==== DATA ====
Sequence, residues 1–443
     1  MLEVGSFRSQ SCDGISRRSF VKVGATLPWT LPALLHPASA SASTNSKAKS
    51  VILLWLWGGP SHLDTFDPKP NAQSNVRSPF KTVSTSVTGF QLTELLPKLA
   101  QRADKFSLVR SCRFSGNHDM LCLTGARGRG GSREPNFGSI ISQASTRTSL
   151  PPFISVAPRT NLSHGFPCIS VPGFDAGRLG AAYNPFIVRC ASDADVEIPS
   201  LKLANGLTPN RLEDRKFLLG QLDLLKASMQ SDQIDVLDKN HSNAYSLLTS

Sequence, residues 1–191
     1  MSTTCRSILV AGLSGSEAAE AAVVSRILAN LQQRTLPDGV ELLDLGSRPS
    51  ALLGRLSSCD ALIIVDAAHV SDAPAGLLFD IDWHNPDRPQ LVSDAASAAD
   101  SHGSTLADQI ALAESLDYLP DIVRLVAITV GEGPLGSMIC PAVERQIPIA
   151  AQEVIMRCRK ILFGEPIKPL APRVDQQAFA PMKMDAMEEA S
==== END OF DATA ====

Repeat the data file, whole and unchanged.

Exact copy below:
Sequence, residues 1–443
     1  MLEVGSFRSQ SCDGISRRSF VKVGATLPWT LPALLHPASA SASTNSKAKS
    51  VILLWLWGGP SHLDTFDPKP NAQSNVRSPF KTVSTSVTGF QLTELLPKLA
   101  QRADKFSLVR SCRFSGNHDM LCLTGARGRG GSREPNFGSI ISQASTRTSL
   151  PPFISVAPRT NLSHGFPCIS VPGFDAGRLG AAYNPFIVRC ASDADVEIPS
   201  LKLANGLTPN RLEDRKFLLG QLDLLKASMQ SDQIDVLDKN HSNAYSLLTS

Sequence, residues 1–191
     1  MSTTCRSILV AGLSGSEAAE AAVVSRILAN LQQRTLPDGV ELLDLGSRPS
    51  ALLGRLSSCD ALIIVDAAHV SDAPAGLLFD IDWHNPDRPQ LVSDAASAAD
   101  SHGSTLADQI ALAESLDYLP DIVRLVAITV GEGPLGSMIC PAVERQIPIA
   151  AQEVIMRCRK ILFGEPIKPL APRVDQQAFA PMKMDAMEEA S